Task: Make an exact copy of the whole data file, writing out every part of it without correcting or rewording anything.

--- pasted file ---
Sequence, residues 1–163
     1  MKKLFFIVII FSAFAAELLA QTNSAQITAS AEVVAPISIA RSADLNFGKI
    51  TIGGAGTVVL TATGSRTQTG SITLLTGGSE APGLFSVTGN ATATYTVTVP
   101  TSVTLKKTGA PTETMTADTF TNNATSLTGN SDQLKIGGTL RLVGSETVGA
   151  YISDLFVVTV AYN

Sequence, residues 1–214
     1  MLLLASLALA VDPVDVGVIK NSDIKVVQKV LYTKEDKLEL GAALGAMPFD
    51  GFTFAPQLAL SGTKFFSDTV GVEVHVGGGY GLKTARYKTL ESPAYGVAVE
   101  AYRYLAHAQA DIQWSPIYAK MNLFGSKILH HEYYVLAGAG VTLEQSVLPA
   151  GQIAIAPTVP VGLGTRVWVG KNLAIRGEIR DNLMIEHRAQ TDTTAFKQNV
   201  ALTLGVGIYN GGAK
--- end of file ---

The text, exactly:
Sequence, residues 1–163
     1  MKKLFFIVII FSAFAAELLA QTNSAQITAS AEVVAPISIA RSADLNFGKI
    51  TIGGAGTVVL TATGSRTQTG SITLLTGGSE APGLFSVTGN ATATYTVTVP
   101  TSVTLKKTGA PTETMTADTF TNNATSLTGN SDQLKIGGTL RLVGSETVGA
   151  YISDLFVVTV AYN

Sequence, residues 1–214
     1  MLLLASLALA VDPVDVGVIK NSDIKVVQKV LYTKEDKLEL GAALGAMPFD
    51  GFTFAPQLAL SGTKFFSDTV GVEVHVGGGY GLKTARYKTL ESPAYGVAVE
   101  AYRYLAHAQA DIQWSPIYAK MNLFGSKILH HEYYVLAGAG VTLEQSVLPA
   151  GQIAIAPTVP VGLGTRVWVG KNLAIRGEIR DNLMIEHRAQ TDTTAFKQNV
   201  ALTLGVGIYN GGAK